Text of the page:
The Bible outlines two ways. Man’s way and God’s way – the way of lawlessness and the way of righteousness. These ways are opposed to each other. Indeed, one is a deliberate turning away from the other. Isaiah describes it well. “All we, like sheep, have gone astray, we have turned, every one, to his own way” (Isa 53:6).
It all started in the Garden of Eden. Our first father Adam went astray from God in two aspects – firstly as his supreme delight and secondly as his supreme authority. Man, created in God’s image, has a capacity to commune with God, to love God, and to delight in God – but look at humanity now! “There is none that seeketh after God” (Rom 3:11). God is no longer man’s object of supreme delight. Humanity has strayed. 1,000 things excite 21st century man; cars, sport, fashion, movies, money. How dull the things of God in comparison. What are we learning here? One doesn’t have to be a drug baron to be classified as a “straying sinner”; it is enough to just live a normal moral life in a Christian country, yet with no heart-seeking after God as the object of supreme delight. But there’s more. Adam strayed from God as his supreme authority. He rebelled. Of the nature of fallen man God now says, “The mind of the flesh is enmity against God: for it is not subject to the law of God, neither indeed can be” (Rom 8:7). The naked disposition of the human heart is a clenched fist in the face of God. One of the world’s favourite songs, ‘My Way’ reads: “For what is a man? What has he got? If not himself, then he has naught. To say the things he truly feels, and not the words of one who kneels; the record shows I took the blows, and did it my way!” What an eloquent expression of the non-submission of fallen man. Subservient to no one, not even God!
In going astray, man has turned to “his own way”. Note how this is phrased. Not “He has turned to violence, profligacy, immorality and dishonesty”. No. These are but the fruits of a deeper root. What is that root? It is the rebellious heart of man. The Bible defines sin as ‘lawlessness’ (1 John 3:5). It is a root attitude that rejects divine authority. Man desires to live independently of God, to be autonomous. In the words of John Stuart Mill, the 19th century economist and philosopher, “Over himself, over his own body and mind, the individual is sovereign.” Satan couldn’t have said it better in the garden. His design in the temptation was to coax man into committing cosmic treason. In effect he said to Adam and Eve, “You poor souls! Here you are in garden being treated like subservient children. Not allowed to eat of a tree! You don’t have to live in dependence on God and His word. Take your destiny into your own hands. Decide for yourselves what’s good and evil. Be your own god!” Thus, in the garden, man threw off the rule of God in the earliest echo of Armageddon’s cry, “Let us break their [restrictive] bands asunder and cast away their cords from us.”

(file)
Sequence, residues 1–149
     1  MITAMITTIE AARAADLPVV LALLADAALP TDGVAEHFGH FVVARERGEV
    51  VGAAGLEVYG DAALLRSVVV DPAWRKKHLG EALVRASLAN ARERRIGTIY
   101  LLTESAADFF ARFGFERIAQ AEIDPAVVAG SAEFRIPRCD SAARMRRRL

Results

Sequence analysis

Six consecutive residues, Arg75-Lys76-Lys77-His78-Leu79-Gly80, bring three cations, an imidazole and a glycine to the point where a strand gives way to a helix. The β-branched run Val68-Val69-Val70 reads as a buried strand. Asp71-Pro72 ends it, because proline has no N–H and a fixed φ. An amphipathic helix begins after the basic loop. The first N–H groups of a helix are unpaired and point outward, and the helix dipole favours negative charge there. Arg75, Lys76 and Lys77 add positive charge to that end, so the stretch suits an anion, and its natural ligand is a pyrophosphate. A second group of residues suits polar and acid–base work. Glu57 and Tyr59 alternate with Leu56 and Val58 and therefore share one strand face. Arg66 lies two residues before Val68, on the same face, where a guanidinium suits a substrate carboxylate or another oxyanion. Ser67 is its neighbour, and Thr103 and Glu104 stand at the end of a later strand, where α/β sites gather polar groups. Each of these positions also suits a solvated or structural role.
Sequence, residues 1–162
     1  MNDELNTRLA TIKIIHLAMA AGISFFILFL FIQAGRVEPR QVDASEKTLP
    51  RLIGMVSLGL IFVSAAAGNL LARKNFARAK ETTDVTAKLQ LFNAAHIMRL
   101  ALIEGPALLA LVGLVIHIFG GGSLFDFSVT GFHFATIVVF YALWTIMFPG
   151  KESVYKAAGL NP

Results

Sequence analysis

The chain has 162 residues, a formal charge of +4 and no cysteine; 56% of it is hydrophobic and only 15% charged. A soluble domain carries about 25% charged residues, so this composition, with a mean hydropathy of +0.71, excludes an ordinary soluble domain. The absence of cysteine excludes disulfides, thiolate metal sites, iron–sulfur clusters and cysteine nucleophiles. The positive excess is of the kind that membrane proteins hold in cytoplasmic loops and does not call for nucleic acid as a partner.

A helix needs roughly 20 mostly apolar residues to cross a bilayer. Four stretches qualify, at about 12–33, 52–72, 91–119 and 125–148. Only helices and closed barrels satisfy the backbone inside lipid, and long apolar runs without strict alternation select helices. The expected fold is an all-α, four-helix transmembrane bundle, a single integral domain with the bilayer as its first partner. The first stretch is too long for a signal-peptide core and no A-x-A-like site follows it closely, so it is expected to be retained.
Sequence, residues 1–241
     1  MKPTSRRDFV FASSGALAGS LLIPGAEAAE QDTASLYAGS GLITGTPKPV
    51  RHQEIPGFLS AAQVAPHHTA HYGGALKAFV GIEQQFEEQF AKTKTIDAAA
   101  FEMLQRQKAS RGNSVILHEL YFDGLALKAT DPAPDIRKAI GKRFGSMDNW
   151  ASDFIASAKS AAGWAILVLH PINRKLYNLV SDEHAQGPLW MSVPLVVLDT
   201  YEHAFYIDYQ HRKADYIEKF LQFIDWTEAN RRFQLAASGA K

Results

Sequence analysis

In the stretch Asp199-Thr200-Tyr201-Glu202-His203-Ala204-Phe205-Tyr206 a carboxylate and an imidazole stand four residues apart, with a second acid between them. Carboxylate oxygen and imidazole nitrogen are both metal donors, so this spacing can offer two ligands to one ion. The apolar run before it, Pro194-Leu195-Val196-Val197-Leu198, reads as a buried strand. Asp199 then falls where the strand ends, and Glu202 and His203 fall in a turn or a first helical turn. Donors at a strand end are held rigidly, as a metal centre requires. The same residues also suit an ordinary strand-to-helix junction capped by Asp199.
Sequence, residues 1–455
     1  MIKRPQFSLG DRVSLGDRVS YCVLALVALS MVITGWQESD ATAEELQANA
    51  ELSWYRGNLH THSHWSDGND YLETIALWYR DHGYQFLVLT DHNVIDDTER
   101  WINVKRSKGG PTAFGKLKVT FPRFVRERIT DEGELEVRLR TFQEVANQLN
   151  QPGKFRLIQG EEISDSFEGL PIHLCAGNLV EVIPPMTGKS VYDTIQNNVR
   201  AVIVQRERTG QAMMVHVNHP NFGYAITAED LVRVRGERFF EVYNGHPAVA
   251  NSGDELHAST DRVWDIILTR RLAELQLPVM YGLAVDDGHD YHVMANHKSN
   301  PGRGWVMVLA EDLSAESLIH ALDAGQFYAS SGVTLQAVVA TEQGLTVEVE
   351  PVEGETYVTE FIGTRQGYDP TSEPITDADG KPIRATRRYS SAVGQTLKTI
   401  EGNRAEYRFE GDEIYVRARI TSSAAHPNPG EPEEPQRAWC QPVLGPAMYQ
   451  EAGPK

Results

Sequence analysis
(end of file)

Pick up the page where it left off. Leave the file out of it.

In the gospel, God invites men to turn from his wrong way. If Isaiah 53:6 teaches us the nature of sin, Isaiah 55:6-7 teaches us the nature of repentance. What does God call upon fallen man to do? “Let the wicked give up drunkenness”? No. One can do that and still remain in one’s sins. “Let the wicked clean up his life and start attending church”? No. God goes to the root problem! “Let wicked forsake His way“! Such is God’s ultimatum to rebellious man. This forsaking of the sinner’s way is synonymous with repentance. Lexicons rightly define repentance as a “change of mind”, but what is a mind?
The first three occurrences of the word ‘heart’ in the Bible teach us that the mind has three elements – intellect, emotion and will. That is: how the sinner thinks, how the sinner feels and what the sinner wants. Repentance is an about face in each area. When a man repents, his thinking changes! Before salvation he thinks he’s OK. He thinks he’s basically a good person. Repentance leads him to agree with God, that in reality he is offensive to God, incurably wicked and helplessly lost. How do his feelings change? Before repentance he feels no sorrow or shame for bit of stealing here and a bit of lying there. But conviction of sin engenders in his soul a serious and solemn view of sin. He is brought face to face with a God who feels grieved and angry about sin. How do his wants and his will change? Before salvation the sinner wants to go his own way. He wants what he wants, how he wants, when he wants it – and no one is going to tell him how to live. But when gets saved, he realises his way is utterly reprehensible. Like the prodigal he comes to himself and confesses, “I have sinned against heaven”. Like Paul on the road to Damascus he exclaims, “Lord, what wilt Thou have me to do!”
When a sinner yields his will to Christ, forsakes his own way, and “returns unto the Lord”, what a blessed change is seen! John the apostle compares the ‘before and after’ of such a conversion in his first epistle. Says John, people walking the wrong way love this passing vain world; people walking the right way love the Father. People walking the wrong way practise lawlessness; people walking the right way practise righteousness. People walking the wrong way hate followers of Christ; people walking the right way love them. These issues manifest who are children of God and who are not (1 John 3:10). How is it with you? Christians were once sheep going astray, but have now returned to the shepherd and overseer of their souls (1 Pet 2:25). Do you find your supreme delight in God and “bow beneath His sway” as your supreme Lord?
Michael J. Penfold